I remember being told a long time ago that a completely professional working relationship must be maintained between the coach and the athlete, you are not their best friend – familiarity breeds contempt. After 15 years of working with some of the most challenging athletes in the world, I couldn’t disagree more.
From Dirt Issue 147 – May 2014
Words by Darren Roberts. Photo by Sven Martin.
My relationship with the athletes is, like any relationship, a complex one. There are power dynamics, double meanings, reverse psychology, fall outs, make ups, respect – it’s like any relationship. The fact is I do get close to my athletes, and for some of them I’ve been working with them since they were 15 years old and they’re now married with children. The key learning is that familiarity does not breed contempt, it breeds what you want it to.
If you want an athlete to do what you ask them to do, then they need to trust you. They need to know you, your likes, dislikes – even your moods. Just as you do with them, it’s such a symbiotic relationship it baffles me to see coaches take the ‘stand off’ approach. By having such a close relationship with the athletes it does have a down side, you do fall out. But this is totally natural and just like a relationship with a wife/husband/boyfriend/girlfriend it’s going to have its ups and downs – it’s called life. Why does this personal relationship dynamic, which is part of our everyday lives, suddenly become un–applicable to your relationship with the athlete?
If you want to have a close relationship with your athlete, then you simply need the emotional maturity to pull it off. You shouldn’t shy away from it or ignore it, and yes, one day you may well fall out with them and not work together anymore. Again it’s that ‘life’ thing, which we somehow don’t think is applicable in sport. The most successful relationships are the ones which are open, honest, have all the ups and downs, but also have total trust. Can’t this be also be true in sport?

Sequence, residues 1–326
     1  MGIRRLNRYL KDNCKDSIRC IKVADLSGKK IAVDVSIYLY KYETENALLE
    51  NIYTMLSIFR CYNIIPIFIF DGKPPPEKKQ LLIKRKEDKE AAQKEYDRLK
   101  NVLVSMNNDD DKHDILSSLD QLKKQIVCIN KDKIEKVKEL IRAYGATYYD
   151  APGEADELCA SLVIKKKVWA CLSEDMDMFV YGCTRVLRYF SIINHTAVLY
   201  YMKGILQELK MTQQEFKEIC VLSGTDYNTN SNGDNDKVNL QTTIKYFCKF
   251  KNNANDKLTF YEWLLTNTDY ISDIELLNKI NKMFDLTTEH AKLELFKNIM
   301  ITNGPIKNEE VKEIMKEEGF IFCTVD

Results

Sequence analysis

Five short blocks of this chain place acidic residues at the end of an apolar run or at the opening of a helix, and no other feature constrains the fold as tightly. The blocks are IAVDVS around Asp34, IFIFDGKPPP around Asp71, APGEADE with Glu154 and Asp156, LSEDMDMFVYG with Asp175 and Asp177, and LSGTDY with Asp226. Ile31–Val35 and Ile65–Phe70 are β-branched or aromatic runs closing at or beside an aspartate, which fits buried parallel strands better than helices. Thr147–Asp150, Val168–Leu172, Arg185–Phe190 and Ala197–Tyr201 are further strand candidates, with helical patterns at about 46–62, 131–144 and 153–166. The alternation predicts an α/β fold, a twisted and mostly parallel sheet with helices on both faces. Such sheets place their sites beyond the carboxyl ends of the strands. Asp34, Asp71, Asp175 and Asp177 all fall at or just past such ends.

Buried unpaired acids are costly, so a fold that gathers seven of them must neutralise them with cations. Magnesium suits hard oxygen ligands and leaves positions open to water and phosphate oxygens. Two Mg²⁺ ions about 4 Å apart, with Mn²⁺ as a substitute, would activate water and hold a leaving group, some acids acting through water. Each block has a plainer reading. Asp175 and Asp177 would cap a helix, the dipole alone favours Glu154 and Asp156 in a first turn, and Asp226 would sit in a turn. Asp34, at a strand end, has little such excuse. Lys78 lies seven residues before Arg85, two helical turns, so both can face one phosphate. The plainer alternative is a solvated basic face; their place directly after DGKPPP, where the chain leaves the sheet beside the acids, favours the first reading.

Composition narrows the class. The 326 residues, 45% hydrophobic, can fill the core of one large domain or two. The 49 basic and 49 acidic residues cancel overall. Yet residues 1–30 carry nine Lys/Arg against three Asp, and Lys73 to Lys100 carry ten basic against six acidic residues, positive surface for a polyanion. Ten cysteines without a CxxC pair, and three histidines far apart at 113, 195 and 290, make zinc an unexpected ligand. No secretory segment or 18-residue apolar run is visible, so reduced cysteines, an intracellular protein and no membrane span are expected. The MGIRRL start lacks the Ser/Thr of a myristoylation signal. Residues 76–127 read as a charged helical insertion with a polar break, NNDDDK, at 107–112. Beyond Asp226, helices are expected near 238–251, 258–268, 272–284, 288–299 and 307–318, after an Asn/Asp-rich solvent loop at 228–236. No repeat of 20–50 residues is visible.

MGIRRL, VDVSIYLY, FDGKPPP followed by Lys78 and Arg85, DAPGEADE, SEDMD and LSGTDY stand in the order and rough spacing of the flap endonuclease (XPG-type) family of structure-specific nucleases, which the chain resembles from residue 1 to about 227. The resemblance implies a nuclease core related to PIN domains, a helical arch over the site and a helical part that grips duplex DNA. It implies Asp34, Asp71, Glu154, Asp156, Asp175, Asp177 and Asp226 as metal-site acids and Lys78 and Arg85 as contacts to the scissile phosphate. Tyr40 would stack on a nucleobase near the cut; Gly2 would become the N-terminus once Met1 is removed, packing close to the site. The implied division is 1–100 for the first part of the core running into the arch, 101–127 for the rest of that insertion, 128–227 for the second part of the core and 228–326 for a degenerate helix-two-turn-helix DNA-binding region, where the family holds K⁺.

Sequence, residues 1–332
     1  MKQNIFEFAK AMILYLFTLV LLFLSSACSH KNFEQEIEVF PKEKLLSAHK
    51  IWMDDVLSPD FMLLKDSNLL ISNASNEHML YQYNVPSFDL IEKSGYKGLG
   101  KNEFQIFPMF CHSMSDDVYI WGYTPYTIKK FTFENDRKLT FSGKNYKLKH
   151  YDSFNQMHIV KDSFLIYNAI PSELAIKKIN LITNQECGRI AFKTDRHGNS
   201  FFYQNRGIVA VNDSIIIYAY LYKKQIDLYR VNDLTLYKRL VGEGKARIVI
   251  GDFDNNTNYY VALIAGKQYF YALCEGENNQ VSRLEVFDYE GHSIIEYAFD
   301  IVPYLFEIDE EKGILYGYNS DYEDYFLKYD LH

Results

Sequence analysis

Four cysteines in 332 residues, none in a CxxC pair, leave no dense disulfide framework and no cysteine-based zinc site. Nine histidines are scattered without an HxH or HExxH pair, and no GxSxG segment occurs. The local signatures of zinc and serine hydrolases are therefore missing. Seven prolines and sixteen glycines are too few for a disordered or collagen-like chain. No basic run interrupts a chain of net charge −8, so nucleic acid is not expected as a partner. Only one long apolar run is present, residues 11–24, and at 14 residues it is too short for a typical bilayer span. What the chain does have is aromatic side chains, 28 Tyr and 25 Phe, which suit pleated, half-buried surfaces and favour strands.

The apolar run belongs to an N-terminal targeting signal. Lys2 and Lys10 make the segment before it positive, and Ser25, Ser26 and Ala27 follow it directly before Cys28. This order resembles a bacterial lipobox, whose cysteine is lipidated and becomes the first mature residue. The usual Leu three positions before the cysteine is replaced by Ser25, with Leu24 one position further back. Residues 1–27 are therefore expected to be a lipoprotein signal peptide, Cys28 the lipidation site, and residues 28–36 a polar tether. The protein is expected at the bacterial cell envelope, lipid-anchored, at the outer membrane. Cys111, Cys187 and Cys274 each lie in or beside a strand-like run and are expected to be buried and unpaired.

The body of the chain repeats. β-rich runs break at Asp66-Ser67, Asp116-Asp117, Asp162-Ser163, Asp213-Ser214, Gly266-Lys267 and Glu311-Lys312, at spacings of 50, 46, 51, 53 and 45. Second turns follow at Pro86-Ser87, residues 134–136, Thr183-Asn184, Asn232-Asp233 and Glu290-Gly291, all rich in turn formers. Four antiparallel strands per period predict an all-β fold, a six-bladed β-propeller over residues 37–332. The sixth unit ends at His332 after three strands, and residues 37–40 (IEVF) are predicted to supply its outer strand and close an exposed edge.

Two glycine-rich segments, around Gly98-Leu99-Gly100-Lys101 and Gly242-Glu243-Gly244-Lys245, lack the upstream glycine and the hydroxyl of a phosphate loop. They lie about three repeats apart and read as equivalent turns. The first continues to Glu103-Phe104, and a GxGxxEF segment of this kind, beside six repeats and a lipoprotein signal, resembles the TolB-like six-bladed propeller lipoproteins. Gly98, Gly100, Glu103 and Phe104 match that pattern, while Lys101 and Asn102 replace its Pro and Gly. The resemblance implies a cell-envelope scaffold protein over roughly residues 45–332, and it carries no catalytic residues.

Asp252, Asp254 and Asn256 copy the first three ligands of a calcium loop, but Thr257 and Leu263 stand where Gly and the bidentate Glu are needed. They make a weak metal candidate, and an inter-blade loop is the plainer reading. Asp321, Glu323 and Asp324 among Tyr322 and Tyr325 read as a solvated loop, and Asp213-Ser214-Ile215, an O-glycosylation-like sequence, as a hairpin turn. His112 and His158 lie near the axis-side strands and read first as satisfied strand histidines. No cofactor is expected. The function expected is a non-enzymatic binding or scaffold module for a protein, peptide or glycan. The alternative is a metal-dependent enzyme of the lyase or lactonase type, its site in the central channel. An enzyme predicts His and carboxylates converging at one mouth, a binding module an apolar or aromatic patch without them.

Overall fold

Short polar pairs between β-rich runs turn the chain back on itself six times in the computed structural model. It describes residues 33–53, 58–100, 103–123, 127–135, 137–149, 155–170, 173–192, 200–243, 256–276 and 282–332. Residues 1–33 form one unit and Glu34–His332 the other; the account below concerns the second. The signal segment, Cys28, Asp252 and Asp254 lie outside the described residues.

The honesty you have with an athlete is vital if you want to genuinely help them with their performance, they need to trust the plan you’ve put in place, hopefully with their input and help. Then you have ‘athlete co–operation’ rather than antagonistic ‘athlete compliance’, everyone has accountability and ownership. This really shines when they become injured or suffer a career threatening injury. It’s during those times they don’t want to hear blind optimism that everything is simply going to be OK, they need honesty. They need that fair and balanced outlook of what could happen or should happen. My athletes are innovators and rule breakers, it’s what makes them what they are. Whether it’s their performance or injury rehab, they expect the same innovation and rule breaking from me. If a ‘normal’ doctor tells them they will be back to sport in 12 months, they expect to be back in three months. If you want an athlete to take part in an aggressive rehab programme pushing the boundaries of what’s possible, they need honesty. It’s a fine line between keeping an athlete’s spirits up when they become injured and giving them false hope. When the magic gains that you said would happen don’t materialise, the rehab process is completely de-railed and what you say gets exponentially devalued – just at the time when you need the athlete to follow a strict regime if they’re to have any hope of returning to sport.
I know coaches who are successful with a dictatorial methodology, but I argue against that because what my athlete’s do has life or death consequences. I’m the only S&C coach I know in my peer group who’s had to go through athlete fatalities, which I guess is why I have no patience for sports scientists acting like the world has ended when someone gets a mild hamstring strain. Familiarity will breed what you want it to, and if that’s contempt, disrespect and non co–operation, it says more about you as a coach than them as an athlete.
I’m lucky with my lot, there is no contempt, disrespect or non co–operation… they simply and blatantly ignore me. But we’re still good friends…Darren ‘Conehead’ Roberts, high performance manager Harris & Ross Healthcare. Working with some of the UK’s biggest household names in extreme sports, such as Danny MacAskill, the Athertons and many more…
This article is part of the Work Out series. You can find the rest of Darren Roberts’ training tips through the links below: